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Scientists find link between increases in local temperature and antibiotic resistance

Over-prescribing has long been thought to increase antibiotic resistance in bacteria. But could much bigger environmental pressures be at play?

While studying the role of climate on the distribution of antibiotic resistance across the geography of the U.S., a multidisciplinary team of epidemiologists from Boston Children’s Hospital found that higher local temperatures and population densities correlate with higher antibiotic resistance in common bacterial strains. Their findings were published today in Nature Climate Change.

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Smog laid bare: Precise analysis of the composition of particulate matter

Smog is a problem. But the knowledge about its constituents – no longer. Researchers from several leading Warsaw scientific institutions have joined forces and developed a new, extremely precise method for the chemical analysis of suspended particulate matter. The method, easily adaptable in many modern laboratories, not only determines the chemical composition of compounds, but even recognizes changes in the spatial distribution of atoms in molecules.

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Closing Coal, Oil Power Plants Leads to Healthier Babies

Shuttering coal- and oil-fired power plants lowers the rate of preterm births in neighboring communities and improves fertility, according to two new University of California, Berkeley, studies.

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UNH Researchers Find Invasive Seaweed Makes Fish Change Their Behavior

When it comes to finding protection and a safe feeding ground, fish rely on towering blades of seaweed, like kelp, to create a three-dimensional hiding space. Kelp forests have been shown to be one of the most productive systems in the ocean with high biodiversity and ecological function. However, in recent decades, many kelp habitats have been taken over and replaced by lower turf-dominated seaweed species. Researchers at the University of New Hampshire have found that this change in the seascape may impact the behavior of fish and could be leaving them less options for refuge and more vulnerable to predators.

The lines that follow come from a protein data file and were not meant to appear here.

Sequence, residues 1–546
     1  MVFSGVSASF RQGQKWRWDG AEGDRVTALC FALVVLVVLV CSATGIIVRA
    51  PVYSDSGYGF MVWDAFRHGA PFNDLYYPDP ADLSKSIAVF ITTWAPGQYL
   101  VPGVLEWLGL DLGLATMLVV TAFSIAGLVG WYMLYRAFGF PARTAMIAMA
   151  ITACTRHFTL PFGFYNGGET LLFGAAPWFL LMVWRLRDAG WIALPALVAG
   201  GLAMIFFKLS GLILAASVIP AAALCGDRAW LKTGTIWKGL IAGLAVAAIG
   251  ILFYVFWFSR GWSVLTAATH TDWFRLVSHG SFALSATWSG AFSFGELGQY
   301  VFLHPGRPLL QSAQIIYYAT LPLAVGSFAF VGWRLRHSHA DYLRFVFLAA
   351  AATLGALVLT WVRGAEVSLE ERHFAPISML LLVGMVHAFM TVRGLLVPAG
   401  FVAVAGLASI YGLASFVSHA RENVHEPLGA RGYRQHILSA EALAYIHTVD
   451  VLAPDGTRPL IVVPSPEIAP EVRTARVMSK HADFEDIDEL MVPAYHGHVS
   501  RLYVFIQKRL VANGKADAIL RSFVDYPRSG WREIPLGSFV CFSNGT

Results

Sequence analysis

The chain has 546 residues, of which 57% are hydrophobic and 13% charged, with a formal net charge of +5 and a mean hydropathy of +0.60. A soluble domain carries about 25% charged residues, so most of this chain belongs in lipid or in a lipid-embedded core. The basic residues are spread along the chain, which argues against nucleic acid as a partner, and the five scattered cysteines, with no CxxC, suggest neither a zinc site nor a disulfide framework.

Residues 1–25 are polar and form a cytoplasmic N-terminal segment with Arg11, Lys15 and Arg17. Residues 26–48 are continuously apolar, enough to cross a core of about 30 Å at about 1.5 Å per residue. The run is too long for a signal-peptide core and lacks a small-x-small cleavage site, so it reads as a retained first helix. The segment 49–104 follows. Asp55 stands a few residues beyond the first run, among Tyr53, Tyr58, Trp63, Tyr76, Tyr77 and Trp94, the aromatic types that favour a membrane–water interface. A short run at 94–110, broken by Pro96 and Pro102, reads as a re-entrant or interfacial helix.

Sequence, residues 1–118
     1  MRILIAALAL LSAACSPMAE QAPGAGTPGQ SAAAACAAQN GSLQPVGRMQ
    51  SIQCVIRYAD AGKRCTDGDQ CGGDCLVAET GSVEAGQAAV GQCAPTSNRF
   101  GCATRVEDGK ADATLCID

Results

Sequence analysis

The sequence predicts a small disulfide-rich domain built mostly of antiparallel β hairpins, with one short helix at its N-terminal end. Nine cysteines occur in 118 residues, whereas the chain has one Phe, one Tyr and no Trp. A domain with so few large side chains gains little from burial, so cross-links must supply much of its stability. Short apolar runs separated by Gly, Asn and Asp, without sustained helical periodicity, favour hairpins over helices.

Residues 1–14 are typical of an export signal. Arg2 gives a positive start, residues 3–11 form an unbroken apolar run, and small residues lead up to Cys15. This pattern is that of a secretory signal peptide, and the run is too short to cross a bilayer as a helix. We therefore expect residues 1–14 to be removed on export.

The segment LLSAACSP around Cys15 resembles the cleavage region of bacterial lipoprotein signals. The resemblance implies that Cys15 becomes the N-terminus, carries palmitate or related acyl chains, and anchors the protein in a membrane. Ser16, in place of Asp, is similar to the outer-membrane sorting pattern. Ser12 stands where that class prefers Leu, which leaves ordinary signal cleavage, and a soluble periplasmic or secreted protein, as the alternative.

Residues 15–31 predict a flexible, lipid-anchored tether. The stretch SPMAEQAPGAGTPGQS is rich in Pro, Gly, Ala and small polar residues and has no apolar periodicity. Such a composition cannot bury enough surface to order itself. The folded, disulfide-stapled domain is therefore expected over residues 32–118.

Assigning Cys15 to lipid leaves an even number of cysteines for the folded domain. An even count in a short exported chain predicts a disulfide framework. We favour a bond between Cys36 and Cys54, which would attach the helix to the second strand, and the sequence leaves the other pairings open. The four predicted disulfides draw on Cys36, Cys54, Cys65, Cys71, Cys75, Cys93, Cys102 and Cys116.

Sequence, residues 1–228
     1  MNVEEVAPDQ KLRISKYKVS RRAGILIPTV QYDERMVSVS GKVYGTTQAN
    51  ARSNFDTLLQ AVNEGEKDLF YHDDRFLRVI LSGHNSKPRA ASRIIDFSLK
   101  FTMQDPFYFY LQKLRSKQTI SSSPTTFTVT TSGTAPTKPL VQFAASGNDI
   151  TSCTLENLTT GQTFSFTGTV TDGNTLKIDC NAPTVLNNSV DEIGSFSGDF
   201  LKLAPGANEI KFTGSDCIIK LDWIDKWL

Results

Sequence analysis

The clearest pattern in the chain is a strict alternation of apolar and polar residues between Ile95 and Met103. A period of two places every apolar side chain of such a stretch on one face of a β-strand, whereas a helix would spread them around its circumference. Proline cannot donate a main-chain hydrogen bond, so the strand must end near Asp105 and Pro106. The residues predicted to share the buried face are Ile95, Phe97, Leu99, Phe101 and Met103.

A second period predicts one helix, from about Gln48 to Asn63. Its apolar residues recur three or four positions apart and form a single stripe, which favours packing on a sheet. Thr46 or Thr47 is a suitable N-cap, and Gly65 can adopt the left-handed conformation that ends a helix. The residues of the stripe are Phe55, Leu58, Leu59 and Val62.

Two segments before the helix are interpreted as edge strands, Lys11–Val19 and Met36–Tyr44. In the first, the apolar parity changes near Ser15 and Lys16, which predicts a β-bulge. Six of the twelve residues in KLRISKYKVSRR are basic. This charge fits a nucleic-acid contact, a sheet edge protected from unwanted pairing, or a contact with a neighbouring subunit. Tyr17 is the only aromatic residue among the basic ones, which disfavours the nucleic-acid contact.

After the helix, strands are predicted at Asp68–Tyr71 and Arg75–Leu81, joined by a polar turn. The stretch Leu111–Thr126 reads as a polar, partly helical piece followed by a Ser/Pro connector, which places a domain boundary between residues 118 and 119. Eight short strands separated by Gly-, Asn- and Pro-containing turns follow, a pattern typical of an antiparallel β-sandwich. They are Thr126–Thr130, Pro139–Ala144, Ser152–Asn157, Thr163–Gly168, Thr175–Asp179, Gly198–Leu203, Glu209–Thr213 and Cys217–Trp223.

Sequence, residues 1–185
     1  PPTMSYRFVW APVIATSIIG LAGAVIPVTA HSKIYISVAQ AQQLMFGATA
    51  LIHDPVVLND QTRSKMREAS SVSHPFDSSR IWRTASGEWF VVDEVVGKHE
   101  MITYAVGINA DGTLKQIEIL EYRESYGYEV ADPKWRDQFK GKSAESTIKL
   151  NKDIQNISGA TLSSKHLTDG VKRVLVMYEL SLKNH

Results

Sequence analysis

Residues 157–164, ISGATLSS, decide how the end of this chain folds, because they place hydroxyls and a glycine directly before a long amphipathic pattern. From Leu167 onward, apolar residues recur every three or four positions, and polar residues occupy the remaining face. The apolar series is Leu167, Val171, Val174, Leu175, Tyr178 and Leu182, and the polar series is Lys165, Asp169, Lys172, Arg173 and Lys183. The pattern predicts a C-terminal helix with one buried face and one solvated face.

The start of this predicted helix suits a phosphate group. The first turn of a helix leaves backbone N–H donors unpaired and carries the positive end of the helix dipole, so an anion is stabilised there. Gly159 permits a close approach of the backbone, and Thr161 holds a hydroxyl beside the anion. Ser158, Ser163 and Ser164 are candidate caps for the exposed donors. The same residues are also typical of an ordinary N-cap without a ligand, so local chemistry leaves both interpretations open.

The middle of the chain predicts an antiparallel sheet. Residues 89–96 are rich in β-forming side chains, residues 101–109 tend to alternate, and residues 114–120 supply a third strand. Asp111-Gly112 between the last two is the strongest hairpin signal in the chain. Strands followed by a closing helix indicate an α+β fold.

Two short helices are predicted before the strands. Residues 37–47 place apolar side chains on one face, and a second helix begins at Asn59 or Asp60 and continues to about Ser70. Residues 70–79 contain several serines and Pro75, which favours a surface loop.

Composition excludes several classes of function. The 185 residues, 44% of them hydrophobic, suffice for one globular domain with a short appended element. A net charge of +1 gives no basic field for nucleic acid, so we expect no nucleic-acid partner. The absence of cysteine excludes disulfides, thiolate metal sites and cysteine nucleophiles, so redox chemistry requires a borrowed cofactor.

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Following Bats to Predict Ebola

The 2014 Ebola outbreak in West Africa killed more than 11,000 people and was the deadliest outbreak since the discovery of the virus in 1976.

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How Australia Got Planted

A new study has uncovered when and why the native vegetation that today dominates much of Australia first expanded across the continent. The research should help researchers better predict the likely impact of climate change and rising carbon dioxide levels on such plants here and elsewhere. The dominant vegetation, so-called C4 plants, includes a wide variety of tropical, subtropical and arid-land grasses. , C4 plants also include important worldwide crops such as sugarcane, corn, sorghum and millet. The research has just been published online in the journal Geophysical Research Letters.

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Crop Immunisation Can Root Out Take-All Fungus

In the soils of the world’s cereal fields, a family tussle between related species of fungi is underway for control of the crops’ roots, with food security threatened if the wrong side wins. Beneficial fungi can help plants to protect themselves from cousins eager to overwhelm the roots, but it’s a closely fought battle.

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Technique doubles conversion of CO2 to plastic component

Fossil fuels have long been the precursor to plastic, but new research from the University of Nebraska–Lincoln and European collaborators could help send that era up in smoke — carbon dioxide, to be exact.

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Raising the heat to lower the cost of solar energy

Sandia National Laboratories will receive $10.5 million from the Department of Energy to research and design a cheaper and more efficient solar energy system.

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NASA Measures Heavy U.S. Rainfall From Space

For close to two weeks the combination of a nearly stationary front and tropical moisture caused almost continuous precipitation over much of the Mid-Atlantic. Using data from a constellation of satellites, NASA calculated the extreme rainfall that occurred in parts of the U.S.

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